A place for ambiguity
Beyond Bullying Project
Labels. Or, what I like to refer to them as: the bane of my existence.
Queer labels are supposed to be empowering. They are supposed to invoke feelings of belonging. Feelings of inclusivity. However, these labels also create a problematic binary: a social pressure to either identify with the LGBTQ+ community or to completely deny queerness. Neither makes space for expressions of sexual ambiguity.
These labels then create expectations of presentation. Whether it’s being asked why I don’t look like ‘a they/them’ when I’m in a sundress on a picnic or it’s being told I look “too masculine” for a woman with my short hair hidden under a beanie while dressed in all black baggy clothing at a 7/11, these expectations fuel people’s binary judgements of what it means to be authentic in such diverse community.
While identifiers like gay, lesbian, and bisexual allow people to create communities rooted in shared experiences of queerness, they also unfortunately tend to exclude those who do not adhere to narrow definitions and understandings of these labels within the LGBTQ+ community.
Ever since coming out as bisexual, I’ve often found that bisexuals (regardless of gender) are expected to find men repulsive and undesirable while also being attracted to them. And in the event that a bisexual person does end up with a man, then they have settled for a man; thus, disappointing the bi community. Not to mention that if a bisexual has never had a same sex partner or they end up in a relationship with the opposite sex, they are too often not considered as ‘real’ bisexuals and instead viewed as practically ‘straight.’
This obsession with authenticity confuses me.
Who is a true bisexual?
What is ‘gay enough?’
Because we seek validation in our queer communities, we may be quick to play our expected roles. Whether it’s a bisexual wearing heavy eyeliner, or a masc lesbian adopting stereotypically male mannerisms, this desire to be validated by others who identify with the same labels forces individuals to fit themselves into categories rather than allowing them to explore their own expressions.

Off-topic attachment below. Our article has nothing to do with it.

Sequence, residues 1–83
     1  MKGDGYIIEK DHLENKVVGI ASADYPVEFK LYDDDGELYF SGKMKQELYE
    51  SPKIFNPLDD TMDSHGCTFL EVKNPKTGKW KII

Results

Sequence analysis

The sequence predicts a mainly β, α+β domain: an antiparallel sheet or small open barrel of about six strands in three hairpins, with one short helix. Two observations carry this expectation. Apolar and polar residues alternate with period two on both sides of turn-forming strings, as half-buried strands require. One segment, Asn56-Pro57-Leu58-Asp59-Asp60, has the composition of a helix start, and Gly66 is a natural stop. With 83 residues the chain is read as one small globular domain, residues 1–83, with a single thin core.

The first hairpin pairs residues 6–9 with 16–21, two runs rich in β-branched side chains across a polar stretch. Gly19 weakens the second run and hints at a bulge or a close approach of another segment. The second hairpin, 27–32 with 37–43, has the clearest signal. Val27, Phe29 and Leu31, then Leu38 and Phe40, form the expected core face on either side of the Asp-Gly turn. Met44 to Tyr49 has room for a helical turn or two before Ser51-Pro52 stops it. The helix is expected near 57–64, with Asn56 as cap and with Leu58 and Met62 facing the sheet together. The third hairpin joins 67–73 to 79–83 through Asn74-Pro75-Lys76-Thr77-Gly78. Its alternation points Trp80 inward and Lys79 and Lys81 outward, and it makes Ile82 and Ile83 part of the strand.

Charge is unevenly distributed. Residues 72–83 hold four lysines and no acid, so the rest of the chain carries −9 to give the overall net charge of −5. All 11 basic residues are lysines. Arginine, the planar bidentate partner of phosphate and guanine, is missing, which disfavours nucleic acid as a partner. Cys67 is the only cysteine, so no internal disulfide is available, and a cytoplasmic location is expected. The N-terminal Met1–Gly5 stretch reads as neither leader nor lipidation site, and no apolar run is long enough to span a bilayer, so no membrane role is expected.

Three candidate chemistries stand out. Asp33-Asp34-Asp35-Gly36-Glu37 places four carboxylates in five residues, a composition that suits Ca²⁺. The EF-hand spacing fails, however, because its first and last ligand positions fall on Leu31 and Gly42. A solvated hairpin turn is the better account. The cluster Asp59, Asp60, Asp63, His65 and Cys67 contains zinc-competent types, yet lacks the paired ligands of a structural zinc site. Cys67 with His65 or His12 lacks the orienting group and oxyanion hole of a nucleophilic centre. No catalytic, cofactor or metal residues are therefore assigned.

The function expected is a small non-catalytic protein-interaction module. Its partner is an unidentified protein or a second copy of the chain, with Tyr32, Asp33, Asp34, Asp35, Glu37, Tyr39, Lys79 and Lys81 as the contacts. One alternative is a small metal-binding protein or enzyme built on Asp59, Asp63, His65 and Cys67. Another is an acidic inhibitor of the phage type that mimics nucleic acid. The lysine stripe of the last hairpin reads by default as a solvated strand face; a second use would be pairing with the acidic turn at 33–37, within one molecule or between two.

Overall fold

I have always felt this pressure to label myself. Whether it was when it took me years to come out as bisexual or whether it was me having a gender identity crisis two months ago while watching Tik Toks of pretty boys, I could never escape this pressure to categorize myself.
What am I? What do I perceive myself to be? What do I want others to perceive me as?
These are the questions I always find myself pondering. I could be getting dressed and suddenly feel repulsed by every feminine article of clothing I try on, only finding comfort in that one shirt I stole from my brother and the baggiest pair of sweatpants that hide all my curves. Or, I could be putting on a face full of makeup at 3am and trying on dresses to feel pretty. Regardless, the number of times I have switched between hating and loving my style, my body, my hair, my aesthetic, my labels, or even my entire existence, far exceeds the time and energy I’ve spent worrying about anything else in relation to my queerness.
When I identify as a woman people expect me to present as such, so when I dress/present as more masculine in my all black baggy clothing, short hair and beanie, people question why I identify as she/her. But if Im spending the hot summer weather in a sundress while identifying as they/them, people wonder why I physically present more as a female rather than looking androgynous. In either situation people question the validity of my identity. They look to determine whether I’m accurately acting according to my label based on their expectations of the label rather than adapting their expectations to accept me.
My sexuality, my gender, and my authentic self remain as questions that I struggle to answer. However, what I’ve come to realize is that I don’t need to know the answer. That it’s okay to live in the ambiguity of identity because labels are only a small part of who I am. My experiences are more than singular words like ‘bisexual’ or ‘woman,’ because I am more than what society expects me to be.
Resisting categories or embracing ambiguity does not make my queerness any less valid. It simply means that I chose not to adhere to the confines of a category. My expression is limitless and does not need to be defined for the convenience of others.
Because, at the end of the day, my ambiguity is my truth. In a world where everyone’s journey to self discovery is their own, who’s to say mine is any less authentic.
Photo by Guillaume Bolduc on Unsplash